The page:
The spectators were momentarily struck dumb, then burst into enthusiastic applause.

"Congratulations," said President Grant, rushing forward, beaming, with outstretched hand. "That was a fine shot you will remember for the rest of your life."

"You mean that was a fully satisfactory golf shot?" James asked, cautiously.

"It certainly was!" said President Grant.

"Then I have fulfilled my part of the agreement?"

"You have -- and don't you feel the thrill of excitement? Now you'll be playing regularly. As a matter of fact, we can go into the clubhouse now and I will help you select a set of clubs."

"Thank you," said James, putting on his coat. "If I have carried out my part of the agreement, then I shall call on you to live up to yours. You promised that if I hit a satisfactory drive and did not feel the spontaneous desire to play, you would stop urging me to do so. Now I should like to get back to the office, where I have a great deal of work waiting."

So far as is known, James never again struck a golf ball, or made the attempt.13

The focus here has been on what was happening eight and nine decades ago, but it should not be surprising that modern Church leaders also play golf. I don't know who they all are, but I do know that there are several.

It is also a fact that for a time, in the 1950s and 1960s, the Church officially sponsored an annual all-Church golf tournament. Jessie L. Embry notes that for Church leaders who approved the tournament "golf was more than just a game. As Robert L. Simpson declared in 1968, 'The First Presidency is delighted with the golf tournament' because 'practice was key to success for golf' and in striving for 'the Celestial Kingdom.'"14

Well, I suppose it's clear that this column was written by a golf enthusiast, albeit one whose game is nothing to brag about. But let me end with a couple of notes from John Bytheway's delightful little book Golf: Lessons I Learned While Looking for My Ball.

In a kind of warning Bytheway wrote:

Elder Neal A Maxwell cautioned that we cannot "ride a golf cart into paradise." Noted LDS scholar Hugh Nibley, whose grandfather Charles W. Nibley donated the Nibley Park Golf Course to Salt Lake City, observed: "Like golf [politics] is a game into which a man can put his whole soul without dedicating his life to it, which can engage his total concentration for a few hours a week, and then be put in proper perspective, even held in contempt, for the rest of the time."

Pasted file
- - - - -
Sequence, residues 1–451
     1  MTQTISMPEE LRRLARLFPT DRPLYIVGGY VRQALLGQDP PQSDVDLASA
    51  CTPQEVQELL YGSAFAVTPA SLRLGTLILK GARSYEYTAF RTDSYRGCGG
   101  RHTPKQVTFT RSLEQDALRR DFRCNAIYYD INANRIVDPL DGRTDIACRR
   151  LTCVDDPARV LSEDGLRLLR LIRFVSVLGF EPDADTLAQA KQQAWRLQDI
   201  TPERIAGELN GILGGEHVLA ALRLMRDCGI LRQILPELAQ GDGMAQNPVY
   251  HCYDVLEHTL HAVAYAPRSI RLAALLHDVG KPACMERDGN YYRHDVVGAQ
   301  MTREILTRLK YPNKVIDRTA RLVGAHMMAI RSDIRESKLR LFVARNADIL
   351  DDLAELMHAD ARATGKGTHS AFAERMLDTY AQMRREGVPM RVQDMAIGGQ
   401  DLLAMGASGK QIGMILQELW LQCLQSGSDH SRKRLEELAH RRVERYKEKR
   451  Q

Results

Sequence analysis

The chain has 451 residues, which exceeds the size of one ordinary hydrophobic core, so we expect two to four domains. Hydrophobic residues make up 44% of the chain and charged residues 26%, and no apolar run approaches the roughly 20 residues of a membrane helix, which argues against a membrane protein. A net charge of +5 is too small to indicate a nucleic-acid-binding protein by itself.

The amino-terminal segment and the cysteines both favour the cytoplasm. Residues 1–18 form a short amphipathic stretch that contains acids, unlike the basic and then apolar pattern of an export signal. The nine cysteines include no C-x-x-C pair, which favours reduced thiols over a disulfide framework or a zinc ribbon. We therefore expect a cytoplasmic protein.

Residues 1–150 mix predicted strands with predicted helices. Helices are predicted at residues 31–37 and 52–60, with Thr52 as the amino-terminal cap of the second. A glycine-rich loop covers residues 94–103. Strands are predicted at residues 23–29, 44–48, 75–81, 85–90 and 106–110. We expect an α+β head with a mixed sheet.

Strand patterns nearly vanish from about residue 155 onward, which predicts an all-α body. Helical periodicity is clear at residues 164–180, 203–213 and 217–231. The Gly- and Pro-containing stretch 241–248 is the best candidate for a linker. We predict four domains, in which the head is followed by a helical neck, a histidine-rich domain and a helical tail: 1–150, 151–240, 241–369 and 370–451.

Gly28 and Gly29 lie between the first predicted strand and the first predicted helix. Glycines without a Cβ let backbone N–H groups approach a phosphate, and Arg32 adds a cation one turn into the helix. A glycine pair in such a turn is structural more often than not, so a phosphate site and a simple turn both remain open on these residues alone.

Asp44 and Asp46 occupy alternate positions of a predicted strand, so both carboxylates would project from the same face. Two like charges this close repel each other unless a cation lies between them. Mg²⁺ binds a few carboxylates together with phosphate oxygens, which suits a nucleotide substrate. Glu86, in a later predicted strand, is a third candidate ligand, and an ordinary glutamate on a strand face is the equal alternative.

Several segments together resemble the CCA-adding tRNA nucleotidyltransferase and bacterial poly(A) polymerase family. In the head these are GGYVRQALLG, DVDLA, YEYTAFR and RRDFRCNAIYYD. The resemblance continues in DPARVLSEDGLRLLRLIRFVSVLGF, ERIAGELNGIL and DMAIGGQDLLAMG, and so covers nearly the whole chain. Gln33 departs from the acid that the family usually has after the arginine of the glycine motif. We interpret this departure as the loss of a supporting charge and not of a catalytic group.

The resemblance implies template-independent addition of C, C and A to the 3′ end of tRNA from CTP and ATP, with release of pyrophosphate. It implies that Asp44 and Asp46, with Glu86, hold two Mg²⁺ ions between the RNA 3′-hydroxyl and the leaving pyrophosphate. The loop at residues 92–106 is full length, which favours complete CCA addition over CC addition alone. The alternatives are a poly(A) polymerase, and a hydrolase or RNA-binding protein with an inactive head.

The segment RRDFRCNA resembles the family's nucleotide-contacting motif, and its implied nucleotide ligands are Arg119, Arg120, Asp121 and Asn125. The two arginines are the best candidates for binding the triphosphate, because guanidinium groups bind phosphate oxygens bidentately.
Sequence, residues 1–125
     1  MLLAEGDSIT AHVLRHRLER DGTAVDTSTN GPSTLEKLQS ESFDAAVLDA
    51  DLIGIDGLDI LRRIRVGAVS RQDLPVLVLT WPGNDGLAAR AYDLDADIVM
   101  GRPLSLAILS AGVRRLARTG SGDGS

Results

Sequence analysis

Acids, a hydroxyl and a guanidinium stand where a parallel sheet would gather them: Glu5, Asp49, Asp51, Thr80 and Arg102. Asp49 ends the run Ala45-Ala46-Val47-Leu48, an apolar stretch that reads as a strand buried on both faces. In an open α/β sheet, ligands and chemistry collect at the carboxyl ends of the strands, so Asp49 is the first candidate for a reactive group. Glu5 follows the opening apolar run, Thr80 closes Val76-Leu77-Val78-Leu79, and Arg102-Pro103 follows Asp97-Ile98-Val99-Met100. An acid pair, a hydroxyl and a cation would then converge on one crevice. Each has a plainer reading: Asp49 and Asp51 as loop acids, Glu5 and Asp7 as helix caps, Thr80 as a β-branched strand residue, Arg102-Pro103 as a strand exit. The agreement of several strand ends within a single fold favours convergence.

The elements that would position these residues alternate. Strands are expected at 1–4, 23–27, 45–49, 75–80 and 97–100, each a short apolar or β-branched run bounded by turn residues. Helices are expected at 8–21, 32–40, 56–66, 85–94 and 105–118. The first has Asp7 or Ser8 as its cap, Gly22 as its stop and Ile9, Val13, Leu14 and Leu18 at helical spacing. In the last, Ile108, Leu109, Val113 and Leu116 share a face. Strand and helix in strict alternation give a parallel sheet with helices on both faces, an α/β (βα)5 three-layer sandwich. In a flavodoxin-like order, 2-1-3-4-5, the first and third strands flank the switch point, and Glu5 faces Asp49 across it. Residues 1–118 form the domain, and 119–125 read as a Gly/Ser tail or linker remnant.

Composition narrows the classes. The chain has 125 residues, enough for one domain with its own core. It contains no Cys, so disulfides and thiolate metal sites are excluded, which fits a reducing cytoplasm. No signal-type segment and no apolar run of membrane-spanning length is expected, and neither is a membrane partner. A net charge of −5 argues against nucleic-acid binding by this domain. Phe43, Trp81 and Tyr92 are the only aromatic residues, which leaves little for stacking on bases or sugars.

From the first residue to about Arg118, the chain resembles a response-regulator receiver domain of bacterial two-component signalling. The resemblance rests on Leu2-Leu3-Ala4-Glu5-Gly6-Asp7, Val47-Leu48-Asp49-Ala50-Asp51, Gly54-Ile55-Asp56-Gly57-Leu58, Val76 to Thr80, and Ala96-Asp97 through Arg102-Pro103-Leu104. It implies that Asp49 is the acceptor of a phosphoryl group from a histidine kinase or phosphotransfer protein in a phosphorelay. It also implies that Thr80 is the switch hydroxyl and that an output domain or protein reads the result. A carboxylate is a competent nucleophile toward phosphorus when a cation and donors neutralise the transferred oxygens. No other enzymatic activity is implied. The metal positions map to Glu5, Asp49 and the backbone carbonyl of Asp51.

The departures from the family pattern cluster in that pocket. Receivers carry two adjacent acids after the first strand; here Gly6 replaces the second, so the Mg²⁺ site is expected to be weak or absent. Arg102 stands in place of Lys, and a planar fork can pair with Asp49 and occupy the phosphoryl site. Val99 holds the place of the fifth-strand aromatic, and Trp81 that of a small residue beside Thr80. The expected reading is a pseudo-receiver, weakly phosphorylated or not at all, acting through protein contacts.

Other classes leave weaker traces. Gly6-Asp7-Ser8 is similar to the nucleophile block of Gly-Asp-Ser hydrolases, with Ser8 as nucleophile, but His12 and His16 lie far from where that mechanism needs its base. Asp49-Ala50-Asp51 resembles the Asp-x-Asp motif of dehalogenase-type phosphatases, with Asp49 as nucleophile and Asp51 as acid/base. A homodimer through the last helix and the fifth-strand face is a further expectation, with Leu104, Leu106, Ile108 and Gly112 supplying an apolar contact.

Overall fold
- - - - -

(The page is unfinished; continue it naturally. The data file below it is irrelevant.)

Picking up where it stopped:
Yes, it is only a game, and must be put in proper perspective. Our personal progress shouldn't be put on hold in order to shave a few more strokes off our handicaps. It's a game, but it's a great game, and I'll be playing it again."15

And oh, yes, LDS golf enthusiasts like me can also take a bit of comfort in something else Bytheway said:

Will there be golf courses in the next life? Well, the scriptures do teach that "the course of the Lord is one eternal round." (1 Nephi 10:19)16


1. From "Reminiscences Charles W. Nibley 1849-1931," published by his family, 1934. Accessed online at, then typing Reminiscences Charles W. Nibley into the search bar. Or simply Google "Reminiscences Charles W. Adams."

2. "Nibley Park Prepares to Celebrate 60th Birthday, Deseret News, May 19, 1982.

3. John J. Stewart, Life of Joseph Fielding Smith (Salt Lake City: Deseret Book, 1972), 198-99.

4. Manscill, Craig K. Manscill, Dennis A. Wright, Robert C. Freeman, Presidents of the Church: The Lives and Teachings of the Modern Prophets (Springville, Utah: Cedar Fort, Inc., 2008), 178.

5. Elder Robert E. Wells, "Seek Higher Flight Levels," fireside address at BYU, August 5, 1984. Accessed online at

6. Neal A. Maxwell, One More Strain of Praise (Salt Lake City: Deseret Book, 1999), 97.

7. "Tabernacle's Renovation Part of Colorful History Spanning Some 60 Years," LDS Church News, October 14, 1989.

8. As quoted in Richard R. Cowan, "Advice From a Prophet: Take Time Out," BYU Studies 16:3 (Spring 1976), 415.

9. Bryant S. Hinckley, Heber J. Grant: Highlights in the Life of a Great Leader (Salt Lake City: Deseret Book, 1951), 220.

10. Michael K. Winder, Apostles and Prophets: The Story of America's Presidents and the LDS Church (American Fork, Utah, Covenant Communications, 2007), 222.

11. Heber J. Grant, "A Family Temple Night," Improvement Era, July 1944:425. In this article on the Editor's Page, President Grant was reminiscing from various letters and diary entries.

12. Bryant S. Hinckley, "George F. Richards," Improvement Era 35:6 (April 1932), 342.

13. John R Talmage, The Talmage Story: Life and Teachings of James E. Talmage -- Educator, Scientist, Apostle (Salt Lake City: Bookcraft, 1972), 226-28.

14. Jessie L. Embry, "Spiritualized Recreation: Mormon All-Church Athletic Tournaments and Dance Festivals." Provo, Utah: Charles Redd Center for Western Studies, 2008. Free online e-book at:

15. John Bytheway, Golf: Lessons I Learned While Looking for My Ball (Salt Lake City: Deseret Book, 2008), 180-81.

16. Ibid., 177.